Preview: 2022 Porsche Cayenne Turbo GT is your top track-focused crossover

Preview: 2022 Porsche Cayenne Turbo GT is your top track-focused crossover

Remember the mystery Porsche Cayenne Coupe that earlier this month set a record 7:38.9 lap time at the Nürburgring?

Well, Porsche late on Tuesday revealed it as the 2022 Cayenne Turbo GT. No, we didn’t forget the word “coupe” in the name, even though the new Porsche is a member of the Cayenne Coupe family. We’re just happy Porsche didn’t call it a GT5, as had been rumored at one point.

The new member is positioned between the Cayenne Turbo Coupe and Cayenne Turbo S E-Hybrid Coupe, and can best be described as the most track-worthy Cayenne. Yes, there’s more power on tap but the key mods are in the chassis department.

2022 Porsche Cayenne Turbo GT

2022 Porsche Cayenne Turbo GT

2022 Porsche Cayenne Turbo GT

2022 Porsche Cayenne Turbo GT

Multiple chassis mods have been made to the vehicle, including a 17-millimeter lower ride height compared to the Cayenne Turbo Coupe, up to 15% stiffer air suspension, and unique tuning of the dampers and steering. A new performance-oriented setup for the PDCC anti-roll system also results in reduced body roll and more precise turn-in when cornering, according to Porsche.

The front wheels are 1.0 inch wider than on the Cayenne Turbo Coupe, with negative camber increased by 0.45 degrees to enable a larger contact area for the tires and as a result more grip. The tires are a set of Pirelli P Zero Corsas designed specifically for this model and its 22-inch wheels, while carbon-ceramic rotors are fitted as standard to bring the beast to a standstill.

After recently taking a prototype for a spin at Germany’s Hockenheimring, rally legend and Porsche brand ambassador Walter Röhrl said the vehicle is so stable and agile through the corners that it feels like “you are sitting in a compact sports car rather than in a large SUV.”

Power comes from Porsche’s familiar 4.0-liter twin-turbocharged V-8, tuned here to deliver 631 hp and 626 lb-ft of torque. In comparison, the Cayenne Turbo Coupe comes with 541 hp while the Cayenne Turbo S E-Hybrid Coupe comes with 670 hp. Porsche estimates a 0-60 mph time of 3.1 seconds, a quarter-mile time of 11.6 seconds, and a top speed of 186 mph. All of them are insane for a crossover of this size.

Unique to the engine in the Cayenne Turbo GT are the crankshaft, pistons, connecting rods, timing chain and torsional dampers. The 8-speed automatic transmission has been modified to offer quicker shift times, while a water cooling system for the drivetrain’s transfer case has also been added to keep things cool during high-speed driving. A titanium exhaust system with central mounting for the tips is also standard and helps save around 40 pounds on its own.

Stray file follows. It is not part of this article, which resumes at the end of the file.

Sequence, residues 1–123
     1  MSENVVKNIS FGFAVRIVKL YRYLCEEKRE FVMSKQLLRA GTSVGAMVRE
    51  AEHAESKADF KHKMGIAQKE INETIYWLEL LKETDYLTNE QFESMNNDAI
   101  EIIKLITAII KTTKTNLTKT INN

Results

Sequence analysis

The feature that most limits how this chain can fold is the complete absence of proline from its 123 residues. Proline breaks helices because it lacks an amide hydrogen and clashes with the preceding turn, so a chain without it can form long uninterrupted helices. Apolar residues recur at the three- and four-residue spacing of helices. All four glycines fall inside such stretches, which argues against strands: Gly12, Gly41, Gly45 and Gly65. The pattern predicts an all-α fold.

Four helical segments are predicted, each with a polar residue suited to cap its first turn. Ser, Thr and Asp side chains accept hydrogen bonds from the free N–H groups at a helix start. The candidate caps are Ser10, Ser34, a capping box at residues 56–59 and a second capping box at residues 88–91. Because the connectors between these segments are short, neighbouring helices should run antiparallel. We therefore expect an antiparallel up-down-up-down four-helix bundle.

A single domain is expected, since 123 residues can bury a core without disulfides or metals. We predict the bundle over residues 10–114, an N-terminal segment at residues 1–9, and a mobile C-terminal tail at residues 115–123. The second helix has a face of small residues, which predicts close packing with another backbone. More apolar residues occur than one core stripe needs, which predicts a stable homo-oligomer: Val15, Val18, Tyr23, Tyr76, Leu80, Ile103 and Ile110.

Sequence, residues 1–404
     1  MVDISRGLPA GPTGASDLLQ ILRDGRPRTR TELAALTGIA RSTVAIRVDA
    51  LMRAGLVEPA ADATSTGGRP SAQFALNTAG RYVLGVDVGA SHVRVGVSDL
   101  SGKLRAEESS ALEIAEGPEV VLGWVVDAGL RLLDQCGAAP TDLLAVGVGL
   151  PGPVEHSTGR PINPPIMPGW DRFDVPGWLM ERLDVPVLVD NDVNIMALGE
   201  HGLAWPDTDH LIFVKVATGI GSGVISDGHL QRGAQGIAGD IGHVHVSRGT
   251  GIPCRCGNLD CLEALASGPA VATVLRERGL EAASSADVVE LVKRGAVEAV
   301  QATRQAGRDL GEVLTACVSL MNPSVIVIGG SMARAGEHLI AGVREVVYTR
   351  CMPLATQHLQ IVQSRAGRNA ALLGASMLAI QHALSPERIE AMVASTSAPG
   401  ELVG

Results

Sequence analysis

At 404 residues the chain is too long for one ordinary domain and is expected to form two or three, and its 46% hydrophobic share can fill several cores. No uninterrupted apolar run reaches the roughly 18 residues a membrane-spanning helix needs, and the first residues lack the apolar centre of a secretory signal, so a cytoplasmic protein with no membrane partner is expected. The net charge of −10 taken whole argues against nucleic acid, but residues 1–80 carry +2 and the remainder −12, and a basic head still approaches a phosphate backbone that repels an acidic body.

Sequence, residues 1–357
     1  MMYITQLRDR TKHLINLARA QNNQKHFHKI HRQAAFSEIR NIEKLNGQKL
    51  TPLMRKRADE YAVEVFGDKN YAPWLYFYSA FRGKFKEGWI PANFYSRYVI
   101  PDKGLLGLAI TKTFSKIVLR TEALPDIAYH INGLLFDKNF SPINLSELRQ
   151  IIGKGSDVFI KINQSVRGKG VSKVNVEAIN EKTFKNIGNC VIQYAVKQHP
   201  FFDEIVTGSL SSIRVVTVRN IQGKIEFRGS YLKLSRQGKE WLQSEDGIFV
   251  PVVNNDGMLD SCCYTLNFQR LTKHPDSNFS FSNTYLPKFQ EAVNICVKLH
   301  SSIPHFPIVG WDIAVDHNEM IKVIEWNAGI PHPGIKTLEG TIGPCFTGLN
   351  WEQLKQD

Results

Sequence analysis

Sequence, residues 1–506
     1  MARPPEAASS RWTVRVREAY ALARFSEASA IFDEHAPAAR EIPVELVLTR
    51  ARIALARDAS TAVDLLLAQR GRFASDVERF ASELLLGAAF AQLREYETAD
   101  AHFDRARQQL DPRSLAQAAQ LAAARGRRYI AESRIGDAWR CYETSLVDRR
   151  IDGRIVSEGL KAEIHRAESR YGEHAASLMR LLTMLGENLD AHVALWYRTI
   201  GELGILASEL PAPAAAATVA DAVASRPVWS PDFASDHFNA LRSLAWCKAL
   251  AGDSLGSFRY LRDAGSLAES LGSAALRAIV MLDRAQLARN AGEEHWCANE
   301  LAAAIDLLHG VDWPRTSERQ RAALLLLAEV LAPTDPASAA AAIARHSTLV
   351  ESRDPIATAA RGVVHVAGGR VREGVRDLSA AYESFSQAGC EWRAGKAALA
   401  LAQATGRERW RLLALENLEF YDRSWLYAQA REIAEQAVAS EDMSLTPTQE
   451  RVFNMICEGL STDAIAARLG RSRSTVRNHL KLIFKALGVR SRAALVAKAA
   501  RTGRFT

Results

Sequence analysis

2022 Porsche Cayenne Turbo GT

2022 Porsche Cayenne Turbo GT

2022 Porsche Cayenne Turbo GT

2022 Porsche Cayenne Turbo GT

2022 Porsche Cayenne Turbo GT

2022 Porsche Cayenne Turbo GT

2022 Porsche Cayenne Turbo GT

2022 Porsche Cayenne Turbo GT

Inside, there are model-specific sport seats with perforated Alcantara trim, contrast stitching, and a “Turbo GT” inscription on the headrests. Porsche has also added its next-generation infotainment system which the automaker says has a new user interface and menu flow that improves functionality. The system is also compatible with both Apple CarPlay and Android Auto. Expect it to filter across to other Cayenne variants as part of next year’s mid-cycle update for the crossover.

The Cayenne Turbo GT can be ordered now and is due at dealerships in early 2022. It’s priced to start at $182,150, including destination.

2022 Buick Envision

What kind of car is the 2022 Buick Envision? What does it compare to?

The Envision is a five-seat crossover SUV with premium looks and a premium price. It’s engaging to drive, spacious and supportive for four adults or more, and has good infotainment with either its smaller or bigger screen. It competes with the Volvo XC60, Lincoln Corsair, and Lexus NX. 

Is the 2022 Buick Envision a good car?

Review continues below

We give the 2022 Envision a 7.2 out of 10, with IIHS crash-test scores still to come. (Read more about how we rate cars.)

What’s new for the 2022 Buick Envision?

Very little, other than some new stitching and a new paint color. The Envision retains its toned, sleek body that reeks of Pilates and Peloton, and couples it with a sweeping and elegant cabin covered in a high grade of trim. It’s especially soothing in light-beige leather, with the expansive upgrade of a 10.2-inch touchscreen.

With a 228-hp turbo-4 and a 9-speed automatic, the Envision overcomes a stout curb weight with a strong surge of power from low engine speeds. The powertrain’s present, but not noisy. The suspension copes with most surfaces with aplomb, though we’d recommend the adaptive dampers to soak up the impacts generated by the available 20-inch wheels.

Five passengers will be a snug fit in the Envision but four large adults fit well. Its front seats can be upgraded from cloth and synthetic leather to soft leather that’s heated and cooled—and the rear bench seat can be heated in outboard positions, too. Fold down the rear seatback and the Envision can carry up to 52.7 cubic feet of stuff, easily loaded through the power tailgate that’s standard on Essence and Avenir trims.

All Envisions have automatic emergency braking, active lane control, and rear parking sensors. Most models can be fitted with rear parking sensors, a head-up display, and a surround-view camera system. 

How much does the 2021 Buick Envision cost?